According to NJ Ayuk, the Executive Chairman of the African Energy Chamber, AEC, the organization will have assisted in the signing of $2.5 billion worth of oil and gas contracts in 2022.
He noted that the deals involving many investors, governments and financiers were sealed at the African Energy Week, AEW, adding that many other deals would be sealed in 2023.
Speaking at the just-concluded AEW in London, Ayuk also unfolded plans to explore upstream and other opportunities in Nigeria and other African oil and gas-producing nations this year.
He said: “Following a successful 2022 edition where $2.5 billion worth of deals to enhance Africa’s energy landscape were signed, AEW 2023 will be bigger and better. We will have a massive Upstream Conference to discuss new exploration and discoveries in Namibia, Ivory Coast, Senegal, Equatorial Guinea, Congo, Uganda, South Africa, Nigeria, Mozambique and the Maghreb countries, while creating opportunities for other forms of energy like hydrogen, nuclear and new renewables, as the continent seeks to maximize its energy mix and developments to achieve a just transition.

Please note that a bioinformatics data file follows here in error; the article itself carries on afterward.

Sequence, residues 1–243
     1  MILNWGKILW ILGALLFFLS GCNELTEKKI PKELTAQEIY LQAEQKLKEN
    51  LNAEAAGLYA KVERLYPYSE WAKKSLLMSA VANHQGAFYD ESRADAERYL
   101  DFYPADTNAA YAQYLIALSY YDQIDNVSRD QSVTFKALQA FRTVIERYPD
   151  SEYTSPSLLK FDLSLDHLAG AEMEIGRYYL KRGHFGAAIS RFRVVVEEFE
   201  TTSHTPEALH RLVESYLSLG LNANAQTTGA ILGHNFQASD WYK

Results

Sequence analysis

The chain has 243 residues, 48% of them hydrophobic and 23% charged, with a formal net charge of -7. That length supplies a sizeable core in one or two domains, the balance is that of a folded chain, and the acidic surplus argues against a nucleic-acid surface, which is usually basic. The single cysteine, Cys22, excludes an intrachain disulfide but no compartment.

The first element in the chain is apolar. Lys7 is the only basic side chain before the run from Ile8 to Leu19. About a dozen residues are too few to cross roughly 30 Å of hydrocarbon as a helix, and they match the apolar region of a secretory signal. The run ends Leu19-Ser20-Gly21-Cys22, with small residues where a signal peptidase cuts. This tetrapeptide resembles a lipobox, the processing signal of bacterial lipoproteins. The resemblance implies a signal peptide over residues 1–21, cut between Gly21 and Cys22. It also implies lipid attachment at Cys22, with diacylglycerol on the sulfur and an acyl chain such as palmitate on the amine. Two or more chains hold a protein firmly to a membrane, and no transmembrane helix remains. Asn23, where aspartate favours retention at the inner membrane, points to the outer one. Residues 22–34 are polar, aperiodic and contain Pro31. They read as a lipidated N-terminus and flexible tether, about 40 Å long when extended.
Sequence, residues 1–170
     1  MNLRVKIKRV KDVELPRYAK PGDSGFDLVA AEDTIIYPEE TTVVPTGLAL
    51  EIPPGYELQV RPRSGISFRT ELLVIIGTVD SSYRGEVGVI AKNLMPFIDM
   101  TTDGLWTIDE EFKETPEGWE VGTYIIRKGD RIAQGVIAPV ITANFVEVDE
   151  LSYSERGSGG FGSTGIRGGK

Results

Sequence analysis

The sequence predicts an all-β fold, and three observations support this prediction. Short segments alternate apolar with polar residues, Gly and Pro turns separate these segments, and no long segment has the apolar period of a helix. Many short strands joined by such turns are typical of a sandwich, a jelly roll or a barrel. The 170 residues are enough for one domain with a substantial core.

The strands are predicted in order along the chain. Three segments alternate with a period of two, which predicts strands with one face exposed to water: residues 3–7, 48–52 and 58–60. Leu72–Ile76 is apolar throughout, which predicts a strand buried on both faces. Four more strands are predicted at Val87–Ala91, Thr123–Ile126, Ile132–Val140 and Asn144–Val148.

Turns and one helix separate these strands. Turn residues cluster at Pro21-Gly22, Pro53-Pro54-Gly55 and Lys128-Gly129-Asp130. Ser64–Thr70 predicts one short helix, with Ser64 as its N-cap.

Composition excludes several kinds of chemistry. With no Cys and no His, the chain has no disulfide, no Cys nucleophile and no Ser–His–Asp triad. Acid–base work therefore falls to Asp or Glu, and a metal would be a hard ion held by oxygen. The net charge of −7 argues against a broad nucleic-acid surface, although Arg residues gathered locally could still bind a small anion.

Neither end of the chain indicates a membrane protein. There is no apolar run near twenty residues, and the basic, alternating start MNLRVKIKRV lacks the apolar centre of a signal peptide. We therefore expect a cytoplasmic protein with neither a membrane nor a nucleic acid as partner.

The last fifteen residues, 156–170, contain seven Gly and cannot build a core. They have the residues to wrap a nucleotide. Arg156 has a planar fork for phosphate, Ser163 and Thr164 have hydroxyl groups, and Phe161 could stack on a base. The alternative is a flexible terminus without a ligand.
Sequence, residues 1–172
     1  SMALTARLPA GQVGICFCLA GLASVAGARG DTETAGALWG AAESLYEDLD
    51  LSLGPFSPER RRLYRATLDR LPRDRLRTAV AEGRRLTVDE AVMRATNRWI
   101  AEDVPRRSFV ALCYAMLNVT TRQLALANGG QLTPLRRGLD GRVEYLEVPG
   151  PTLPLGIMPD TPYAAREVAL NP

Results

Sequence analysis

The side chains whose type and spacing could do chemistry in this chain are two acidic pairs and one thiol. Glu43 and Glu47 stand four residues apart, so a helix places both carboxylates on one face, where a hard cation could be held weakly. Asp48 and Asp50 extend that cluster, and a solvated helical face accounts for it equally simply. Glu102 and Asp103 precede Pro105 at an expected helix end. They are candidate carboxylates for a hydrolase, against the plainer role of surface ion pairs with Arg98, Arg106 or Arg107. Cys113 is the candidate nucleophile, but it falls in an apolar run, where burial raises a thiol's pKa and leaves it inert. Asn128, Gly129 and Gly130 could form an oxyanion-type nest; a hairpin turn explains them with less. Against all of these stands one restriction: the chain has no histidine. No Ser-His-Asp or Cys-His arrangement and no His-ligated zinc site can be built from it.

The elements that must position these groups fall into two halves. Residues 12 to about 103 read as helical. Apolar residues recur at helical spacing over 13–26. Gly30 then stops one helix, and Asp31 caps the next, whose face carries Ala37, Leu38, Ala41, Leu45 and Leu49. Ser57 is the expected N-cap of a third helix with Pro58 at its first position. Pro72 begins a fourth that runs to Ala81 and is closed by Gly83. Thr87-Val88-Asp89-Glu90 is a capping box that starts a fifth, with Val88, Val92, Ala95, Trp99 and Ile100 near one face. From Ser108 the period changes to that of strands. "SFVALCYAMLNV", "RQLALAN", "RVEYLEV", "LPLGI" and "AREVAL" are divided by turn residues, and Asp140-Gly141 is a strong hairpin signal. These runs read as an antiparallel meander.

“While the energy crisis across Europe is threatening jobs and economic developments – and energy poverty in Africa, especially in South Africa where blackouts have become the norm and the downfall of Africa’s manufacturing powerhouse, disrupting the continent’s socioeconomic developments – now more than ever is the time for UK investors and energy companies to maximize energy partnerships with Africa. The Chamber believes that now is the time to optimize and ensure the sustainable development and exploitation of Africa’s oil and gas resources. The Chamber is committed to continuing its partnership with African policymakers and UK investors and partners to create an enabling environment and facilitate Africa’s energy sector expansion.
“We at the AEC will oppose any proposals to silence the voice of those who believe in free markets, limited government, and our right to drill for natural gas while rapidly developing renewables. Investing in African Energy and driving free enterprise is not something the AEC can do alone.
He added that, “We need every person who believes in the free enterprise values of individual initiative, hard work and freedom of choice to stand with us. We need you to spread the word in your communities and remind people that free enterprise and oil and gas — even with their flaws — have done more to improve our condition than any other economic and energy system.”